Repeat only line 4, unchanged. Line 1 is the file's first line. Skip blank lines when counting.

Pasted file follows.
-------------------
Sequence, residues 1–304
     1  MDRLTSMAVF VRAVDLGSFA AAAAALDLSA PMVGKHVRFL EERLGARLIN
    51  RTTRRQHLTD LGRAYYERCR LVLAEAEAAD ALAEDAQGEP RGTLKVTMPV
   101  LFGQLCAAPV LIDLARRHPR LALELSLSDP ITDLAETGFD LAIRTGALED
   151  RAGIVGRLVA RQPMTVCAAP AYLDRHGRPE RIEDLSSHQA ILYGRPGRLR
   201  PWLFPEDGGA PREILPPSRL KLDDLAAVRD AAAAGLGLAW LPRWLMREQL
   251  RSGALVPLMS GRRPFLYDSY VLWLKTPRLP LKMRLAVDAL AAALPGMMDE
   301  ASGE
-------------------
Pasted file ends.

   101  LFGQLCAAPV LIDLARRHPR LALELSLSDP ITDLAETGFD LAIRTGALED